SIDESTEPPING RUBIN. Republicans have picked up some Democratic support for a broader capital-gains tax cut. And with Clinton's history of wobbling all over on the subject, GOP leaders are convinced that they could sell him--if they can sidestep Rubin. "If we can get the staff and Secretary out of the way," Lott said on Feb. 12, "maybe we [will] have something to agree about."
But Republicans would be wrong to figure that by going around Rubin they could easily find a sympathetic ear in the Administration. "It would be a big mistake to assume Bob's a sole actor," says a former top White House adviser. Rubin has key allies in the new Chief of Staff, Erskine B. Bowles, and Budget Director Franklin D. Raines. Though former investment bankers themselves, they share Rubin's dislike for a costly capital-gains cut.
Rubin may eventually agree to a rate cut that gives richer rewards to investors who hold assets longer. But he's not yet tipping his hand. "Bob is used to ruthless negotiating on Wall Street," says a Rubin adviser. "It's not time to reveal his bottom line." For now, he's pushing Clinton's modest proposal to provide capital-gains relief for home sellers.
Republicans can attest to Rubin's effectiveness. The Secretary first got in trouble with conservative GOP leaders when he engineered an end run around Congress to bail out Mexico during the 1995 peso crisis. He angered Republicans again during last winter's budget standoff by using creative accounting to prevent a default on Treasury securities. That defanged the GOP strategy for forcing Clinton to buy their budget cuts and set some GOP freshmen muttering about impeaching Rubin.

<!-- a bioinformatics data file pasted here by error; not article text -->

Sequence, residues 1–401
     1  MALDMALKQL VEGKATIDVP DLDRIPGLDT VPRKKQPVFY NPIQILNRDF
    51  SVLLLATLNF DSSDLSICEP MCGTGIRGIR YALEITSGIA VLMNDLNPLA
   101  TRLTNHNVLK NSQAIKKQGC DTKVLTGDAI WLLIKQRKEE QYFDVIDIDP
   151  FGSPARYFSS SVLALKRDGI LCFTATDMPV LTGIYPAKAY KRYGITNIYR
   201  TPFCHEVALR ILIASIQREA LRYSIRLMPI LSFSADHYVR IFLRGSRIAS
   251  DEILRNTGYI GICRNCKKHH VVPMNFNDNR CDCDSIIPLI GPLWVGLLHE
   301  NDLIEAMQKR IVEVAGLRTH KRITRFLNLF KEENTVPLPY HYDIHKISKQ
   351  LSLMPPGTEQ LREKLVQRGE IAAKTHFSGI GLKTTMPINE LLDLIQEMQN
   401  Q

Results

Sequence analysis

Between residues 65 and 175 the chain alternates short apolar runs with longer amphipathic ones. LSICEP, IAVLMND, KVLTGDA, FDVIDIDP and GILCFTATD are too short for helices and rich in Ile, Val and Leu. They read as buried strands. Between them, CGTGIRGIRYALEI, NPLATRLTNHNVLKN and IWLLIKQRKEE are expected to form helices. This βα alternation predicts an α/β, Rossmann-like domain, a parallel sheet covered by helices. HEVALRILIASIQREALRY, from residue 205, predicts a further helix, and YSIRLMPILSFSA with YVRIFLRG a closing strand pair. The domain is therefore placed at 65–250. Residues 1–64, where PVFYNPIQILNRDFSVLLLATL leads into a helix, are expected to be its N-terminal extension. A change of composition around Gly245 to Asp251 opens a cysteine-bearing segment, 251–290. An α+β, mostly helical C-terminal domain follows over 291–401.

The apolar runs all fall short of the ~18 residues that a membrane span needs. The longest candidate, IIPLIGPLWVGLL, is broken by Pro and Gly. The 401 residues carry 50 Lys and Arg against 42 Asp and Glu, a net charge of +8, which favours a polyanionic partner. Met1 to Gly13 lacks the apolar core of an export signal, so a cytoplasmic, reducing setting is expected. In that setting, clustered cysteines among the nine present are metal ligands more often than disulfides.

It's not just Rubin's tactics that conservatives object to. They hate his politics, too. Rubin wants to spend more to fight urban poverty and opposes plans to overhaul the tax code. Rubin, says House Majority Leader Richard K. Armey (R-Tex.), "is more liberal than I'd expect a Treasury Secretary to be."
While Rubin's maneuvering may cause heartburn among GOP leaders, financial markets applaud the moderation he brings to the Administration's economic policies. "Wall Street finds Rubin reassuring," says a lobbyist for a major brokerage house. "He's the only adult in the Administration."
That view is echoed by Hill Democrats, even though some think his approach too free-market. One example: In March, Rubin is expected to issue a report urging the end of Depression-era curbs on banks. That would permit, for example, Merrill Lynch & Co. and Citicorp Inc. to merge. Even liberals who decry such deregulation admire Rubin's clout. Says one Democratic Senate staffer: "Just like papal infallibility, there's Rubin infallibility in the Administration."